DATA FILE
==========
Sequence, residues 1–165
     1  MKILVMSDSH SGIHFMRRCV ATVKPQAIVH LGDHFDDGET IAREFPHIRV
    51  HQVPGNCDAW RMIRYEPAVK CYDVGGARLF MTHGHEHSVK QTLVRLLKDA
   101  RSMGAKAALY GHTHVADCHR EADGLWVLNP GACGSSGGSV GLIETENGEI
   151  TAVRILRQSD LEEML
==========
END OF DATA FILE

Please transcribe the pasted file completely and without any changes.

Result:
Sequence, residues 1–165
     1  MKILVMSDSH SGIHFMRRCV ATVKPQAIVH LGDHFDDGET IAREFPHIRV
    51  HQVPGNCDAW RMIRYEPAVK CYDVGGARLF MTHGHEHSVK QTLVRLLKDA
   101  RSMGAKAALY GHTHVADCHR EADGLWVLNP GACGSSGGSV GLIETENGEI
   151  TAVRILRQSD LEEML